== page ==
Re: Jumper, I don’t think so. Perhaps I love mortars too much, but man-portable/team-portable indirect fire systems never go out of style. I’d love to know what the Jumper’s minimum range is. Also, what level of an asset is that? A light mortar is a nice platoon or company level asset (or lower if you like), which really helps availability. Also, note that the Israelis still love their mortars. The new turret for the Namer IFV variant includes a 60 mm mortar. The Merkavas also all include a mortar in the turret, which I think is really nice.

      As for squad/fireteam organization, that’s a mouthful. Just to keep terms consistent, I think of a fireteam as a 4-5 man subelement of a squad, and I really think it should be a lot more ad hoc than most people say, because of mission concerns and how often do you have squads/platoons showing up with by-the-book numbers? I’ve written some on the subject here, but I can’t guarantee it all dovetailing together nicely, because I do so love to argue. And of course it depends quite a bit on whether these forces are light infantry or have some kind of motorized transportation.

      If you asked me right now, I wouldn’t make explicit provision for the fireteam beyond “figure it out as needed”. For a 9 (give or take, dismounts only) man mechanized infantry squad, I’d expect the squad leader to have the laser rangefinder, I’d expect them to take one GPMG or one or two LMGs from their vehicle as needed and distribute them as best they see fit, and I might expect one man to have a DMR. I would probably include a few AT4s and a Javelin/SPIKE-MR launcher in the vehicle, again deploy as needed. I would replace the AT4s with a CG/RPG7 in a light infantry unit, because those are a little more versatile. And then the vehicle can carry an Antos and an underbarrel grenade launcher or two. The squad leader and his platoon leader can figure out how best to handle it given the circumstances. Though the Antos might be better kept as a platoon level asset; I’m not sure there. So maybe one squad has that instead of the UBGLs or some of the AT4s. Personally, below the platoon and squad equipment table, I think “figure it out” is best and easiest, and also what a platoon is going to do in the field. Fireteams don’t fight in a vacuum.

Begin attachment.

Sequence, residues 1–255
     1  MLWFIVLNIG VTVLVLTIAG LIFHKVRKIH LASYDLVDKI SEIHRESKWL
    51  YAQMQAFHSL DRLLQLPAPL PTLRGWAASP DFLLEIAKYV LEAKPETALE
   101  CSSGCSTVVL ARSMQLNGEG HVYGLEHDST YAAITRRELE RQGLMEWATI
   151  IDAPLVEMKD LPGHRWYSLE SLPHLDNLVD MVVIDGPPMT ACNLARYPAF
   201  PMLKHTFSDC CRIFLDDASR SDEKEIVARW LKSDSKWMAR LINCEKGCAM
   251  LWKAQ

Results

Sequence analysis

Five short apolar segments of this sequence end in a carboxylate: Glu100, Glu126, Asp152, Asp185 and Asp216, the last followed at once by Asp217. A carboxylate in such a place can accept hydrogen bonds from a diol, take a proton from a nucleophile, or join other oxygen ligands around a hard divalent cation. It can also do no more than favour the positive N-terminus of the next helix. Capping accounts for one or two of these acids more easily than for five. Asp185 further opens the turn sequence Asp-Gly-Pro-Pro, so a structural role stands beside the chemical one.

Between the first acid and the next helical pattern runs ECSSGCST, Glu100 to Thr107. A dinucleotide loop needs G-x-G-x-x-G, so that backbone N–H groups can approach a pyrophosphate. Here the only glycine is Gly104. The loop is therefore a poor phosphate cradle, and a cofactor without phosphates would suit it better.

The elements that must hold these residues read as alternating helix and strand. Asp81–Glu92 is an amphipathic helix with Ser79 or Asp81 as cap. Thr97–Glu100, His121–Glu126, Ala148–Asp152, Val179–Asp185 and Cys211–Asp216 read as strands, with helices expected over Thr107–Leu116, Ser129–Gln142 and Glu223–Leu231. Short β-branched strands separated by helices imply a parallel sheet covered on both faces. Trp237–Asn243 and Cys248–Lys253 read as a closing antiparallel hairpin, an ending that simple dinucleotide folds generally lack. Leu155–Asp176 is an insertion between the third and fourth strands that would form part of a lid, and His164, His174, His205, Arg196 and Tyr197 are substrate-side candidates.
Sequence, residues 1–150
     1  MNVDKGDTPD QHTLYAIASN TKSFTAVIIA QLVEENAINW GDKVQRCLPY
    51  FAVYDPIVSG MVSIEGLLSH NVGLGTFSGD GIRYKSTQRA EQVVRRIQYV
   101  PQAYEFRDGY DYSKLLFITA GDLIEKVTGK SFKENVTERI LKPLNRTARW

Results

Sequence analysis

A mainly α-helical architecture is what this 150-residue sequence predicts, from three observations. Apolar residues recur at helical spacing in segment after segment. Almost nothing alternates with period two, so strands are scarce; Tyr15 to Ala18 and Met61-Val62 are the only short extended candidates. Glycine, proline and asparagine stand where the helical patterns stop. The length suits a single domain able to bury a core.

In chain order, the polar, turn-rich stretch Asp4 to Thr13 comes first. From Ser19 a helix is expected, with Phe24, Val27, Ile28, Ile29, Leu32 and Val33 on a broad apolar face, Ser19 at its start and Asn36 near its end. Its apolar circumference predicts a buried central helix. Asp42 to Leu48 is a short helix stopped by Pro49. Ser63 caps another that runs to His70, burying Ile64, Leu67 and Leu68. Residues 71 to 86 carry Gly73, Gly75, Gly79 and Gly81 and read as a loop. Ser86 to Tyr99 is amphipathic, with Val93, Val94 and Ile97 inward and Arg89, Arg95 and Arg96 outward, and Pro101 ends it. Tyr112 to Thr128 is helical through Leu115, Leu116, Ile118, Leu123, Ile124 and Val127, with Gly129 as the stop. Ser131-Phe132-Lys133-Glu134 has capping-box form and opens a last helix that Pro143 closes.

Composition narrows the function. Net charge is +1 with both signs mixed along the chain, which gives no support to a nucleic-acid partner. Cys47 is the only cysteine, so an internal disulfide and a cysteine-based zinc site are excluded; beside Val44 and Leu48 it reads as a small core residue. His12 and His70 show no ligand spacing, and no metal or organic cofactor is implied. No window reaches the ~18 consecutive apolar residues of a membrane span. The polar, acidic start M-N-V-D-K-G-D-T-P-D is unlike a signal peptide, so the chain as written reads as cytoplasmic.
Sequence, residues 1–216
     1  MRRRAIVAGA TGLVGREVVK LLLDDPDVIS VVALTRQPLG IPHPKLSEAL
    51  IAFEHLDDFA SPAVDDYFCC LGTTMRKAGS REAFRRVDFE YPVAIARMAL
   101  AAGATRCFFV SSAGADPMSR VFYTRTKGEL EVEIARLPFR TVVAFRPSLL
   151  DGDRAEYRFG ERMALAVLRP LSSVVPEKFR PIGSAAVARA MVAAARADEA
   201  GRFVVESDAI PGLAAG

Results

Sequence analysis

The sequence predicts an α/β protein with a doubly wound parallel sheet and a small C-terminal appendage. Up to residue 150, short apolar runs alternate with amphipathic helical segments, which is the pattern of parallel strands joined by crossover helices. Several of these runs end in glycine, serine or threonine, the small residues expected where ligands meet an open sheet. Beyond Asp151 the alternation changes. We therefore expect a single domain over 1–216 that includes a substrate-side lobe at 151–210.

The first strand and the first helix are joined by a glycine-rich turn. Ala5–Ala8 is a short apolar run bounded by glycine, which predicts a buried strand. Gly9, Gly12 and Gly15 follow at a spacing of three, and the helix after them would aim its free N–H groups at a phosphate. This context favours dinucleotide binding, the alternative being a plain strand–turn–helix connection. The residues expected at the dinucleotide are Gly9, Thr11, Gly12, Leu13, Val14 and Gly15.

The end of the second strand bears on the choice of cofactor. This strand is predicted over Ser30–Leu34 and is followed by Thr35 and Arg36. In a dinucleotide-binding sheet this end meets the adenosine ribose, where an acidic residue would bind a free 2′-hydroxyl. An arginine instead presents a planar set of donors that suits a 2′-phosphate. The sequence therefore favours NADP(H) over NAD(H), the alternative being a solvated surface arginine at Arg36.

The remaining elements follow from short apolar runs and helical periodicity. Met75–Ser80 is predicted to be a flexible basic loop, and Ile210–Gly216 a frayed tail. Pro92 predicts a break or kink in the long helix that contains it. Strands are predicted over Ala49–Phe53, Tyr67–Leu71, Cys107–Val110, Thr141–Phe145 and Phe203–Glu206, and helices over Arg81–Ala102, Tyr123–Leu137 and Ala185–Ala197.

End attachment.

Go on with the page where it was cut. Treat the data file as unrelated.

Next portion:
It’s also easier to think of this at the platoon level for mechanized infantry given how few IFVs hold a full squad’s worth of dismounts (e.g. in the US Army, you have four Bradleys comprising a platoon, and that translates into three dismounted squads). I’d love to see how other nations organize; that stuff is often hard to find.

      I’d probably make considerably more changes to the org table for a light infantry unit, because there I can’t just let the vehicle hold whatever’s extra. In that case, Antos is almost certainly a platoon level asset, along with the Javelin. Figure Jav, Antos, pair of CG/RPG-7 for explosive assets in a light infantry platoon. Also probably the LMGs as squad machine guns in most cases, except for that weapons squad having a GPMG or two.

      P.S. You can also gather my American upbringing from the liberal deployment of Javelins, which correlates pretty closely to how the US Army does it, at least in the equipment tables. Funding is another constraint on the TO&E, of course.

    4. parvusimperator Post author

      Also I go back and forth on the LMGs for the mech inf. squad, but it’s probably easiest to let the situation dictate the choice. Or test, but I don’t have a good way to do that.

    1. Checkmate

      What I find most interesting is the “dial-a-strike” concept. I’ve tried to find more on it, but it seems a rather nebulous term that emerged in the 80’s from some studies done in the USMC.Very short time between the call and the support arriving. I would argue that the Jumper does that, but fails in that it does not have a laser seeker, only GNSS/INS guidance. If it did, it would make it even more effective (laser seekers are cheap, and you could rely on troops on the ground to illuminate targets, call for fire support and rely on the INS/GNSS to bring the projectile to a point where the seeker can see the illuminated target, without having to painstakingly button in precise coordinates). If the platoon or fireteam level troops have access to quick and precise fire support to say take out a MG nest or armored vehicle, that would do away with the need for light mortars.